Canada legalised marijuana last month. On the way home from the optician on legalisation day, I decided to call into the Sunshine Wellness pot shop I’ve been visiting for the past few years to stock up on CBD oil. Pure CBD oil has no THC (the ingredient that makes you high) and is very useful for inflammation, pain, insomnia and dismay.

I was astonished to discover a big sign in the window thanking me (not personally) for the last four years. The shop was now shut and seeking to be regulated. Worse still, the counter displayed a number of posters advertising the conservative candidate running for mayor of Vancouver (he didn’t win).

Dismayed, I took to my phone and hoofed it four blocks west to a larger operation called Weeds. At Weeds, there was a short queue, someone filling out an application form, and several sales assistants wearing rather chic black rubber gloves.

A helpful rubber-gloved assistant explained they did not stock the CBD oil I am used to buying (for a modest $35 a bottle) but could offer me a better quality one that cost $150. The bottle was exactly the same size and while I am certain it is indeed superior, I don’t need anything superior.

On legalisation day, I assumed that, like the liquor stores operated by the provincial government, there would be oodles of government-operated pot shops all over the city. Mais non, the sales assistant told me. ‘So where is the government pot shop exactly?’ I asked him. ‘In Kamloops,’ he said. Kamloops, population 85,672, is three hours and forty minutes drive from Vancouver.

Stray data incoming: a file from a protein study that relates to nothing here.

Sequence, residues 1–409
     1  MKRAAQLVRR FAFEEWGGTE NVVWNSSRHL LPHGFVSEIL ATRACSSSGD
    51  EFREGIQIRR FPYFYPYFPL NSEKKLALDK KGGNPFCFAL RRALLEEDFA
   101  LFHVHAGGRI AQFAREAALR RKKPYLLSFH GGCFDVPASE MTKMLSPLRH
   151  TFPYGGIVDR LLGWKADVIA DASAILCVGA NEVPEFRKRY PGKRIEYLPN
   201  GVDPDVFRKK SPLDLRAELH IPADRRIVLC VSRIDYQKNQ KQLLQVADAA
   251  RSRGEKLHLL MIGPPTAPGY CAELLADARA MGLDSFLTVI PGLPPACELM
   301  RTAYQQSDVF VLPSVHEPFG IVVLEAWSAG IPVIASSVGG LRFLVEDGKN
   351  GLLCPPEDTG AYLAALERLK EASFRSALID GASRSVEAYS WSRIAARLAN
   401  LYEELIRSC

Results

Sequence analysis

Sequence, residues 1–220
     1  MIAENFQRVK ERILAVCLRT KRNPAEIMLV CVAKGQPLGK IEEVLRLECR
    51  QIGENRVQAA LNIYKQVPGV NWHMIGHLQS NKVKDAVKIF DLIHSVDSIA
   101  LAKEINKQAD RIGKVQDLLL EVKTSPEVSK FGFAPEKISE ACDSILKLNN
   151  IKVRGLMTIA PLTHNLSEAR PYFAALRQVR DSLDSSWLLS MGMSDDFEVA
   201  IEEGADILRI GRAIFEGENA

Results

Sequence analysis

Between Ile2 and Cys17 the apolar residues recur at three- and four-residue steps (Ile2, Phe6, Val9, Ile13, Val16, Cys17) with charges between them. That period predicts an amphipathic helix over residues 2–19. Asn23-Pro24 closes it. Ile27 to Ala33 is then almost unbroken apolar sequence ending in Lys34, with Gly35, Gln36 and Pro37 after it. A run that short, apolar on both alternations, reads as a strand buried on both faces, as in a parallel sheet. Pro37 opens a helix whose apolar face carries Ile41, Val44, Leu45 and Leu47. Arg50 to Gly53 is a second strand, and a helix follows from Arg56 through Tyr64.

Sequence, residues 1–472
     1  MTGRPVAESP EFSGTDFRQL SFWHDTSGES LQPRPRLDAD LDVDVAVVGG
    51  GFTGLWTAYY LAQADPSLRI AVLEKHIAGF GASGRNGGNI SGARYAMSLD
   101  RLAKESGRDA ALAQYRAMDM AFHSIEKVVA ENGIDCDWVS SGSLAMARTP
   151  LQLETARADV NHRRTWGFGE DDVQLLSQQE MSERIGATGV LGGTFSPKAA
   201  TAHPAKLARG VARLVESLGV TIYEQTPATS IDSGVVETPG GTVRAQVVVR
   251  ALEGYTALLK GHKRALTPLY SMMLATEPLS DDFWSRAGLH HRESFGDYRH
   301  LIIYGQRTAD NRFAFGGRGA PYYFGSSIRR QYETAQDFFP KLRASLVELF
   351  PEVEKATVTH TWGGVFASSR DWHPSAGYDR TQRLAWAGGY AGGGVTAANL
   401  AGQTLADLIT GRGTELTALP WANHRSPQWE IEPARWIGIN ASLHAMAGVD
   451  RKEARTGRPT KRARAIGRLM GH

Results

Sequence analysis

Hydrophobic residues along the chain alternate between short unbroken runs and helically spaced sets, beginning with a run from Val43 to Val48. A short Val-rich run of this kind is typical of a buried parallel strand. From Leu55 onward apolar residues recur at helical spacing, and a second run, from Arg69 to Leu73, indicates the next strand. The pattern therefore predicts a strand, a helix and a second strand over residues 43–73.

I phoned the government pot shop help line. Apparently Kamloops was the only municipality to have its zoning requirements and regulations ready before legalisation. Richmond, a suburb of Vancouver, has voted not to have any pot shops, private or government, despite a large recruitment advert I saw recently for jobs at the Marijuana Distribution Centre in Richmond.

The woman at the call centre explained I could use the online government pot shop. The next problem, aside from a threatened postal strike, was that the online government pot shop – which had received more than 10,000 orders in the first 24 hours – had sold out of the simple CBD oil I wanted. Seven days later, it was still out of stock.

And if I tried to procure my CBD oil by other means, such as the way I have been procuring it for the last few years, I would be doing so illegally. The plentiful pot shops operated in a legal grey area, I was informed.

I contacted the City of Vancouver (publicly) on Twitter:

Can you tell us when the first BC Govt pot shop will open in our city? Why wasn't all this organized before legalisation? Thank you.

The response sent (privately) to my direct messages on 31 October:

As of right now, no cannabis retail outlets have completed the process to obtain a provincial and municipal licence to operate in Vancouver. We do not have a timeline on when the first store will open as it will depend on the applicant completing the process and fulfilling all provincial and municipal requirements.

I have since enjoyed reading this entry in the FAQ on the online government pot shop:

Does BC Cannabis Stores have a loyalty program?
No, at this time there is not a loyalty program for regular customer (sic)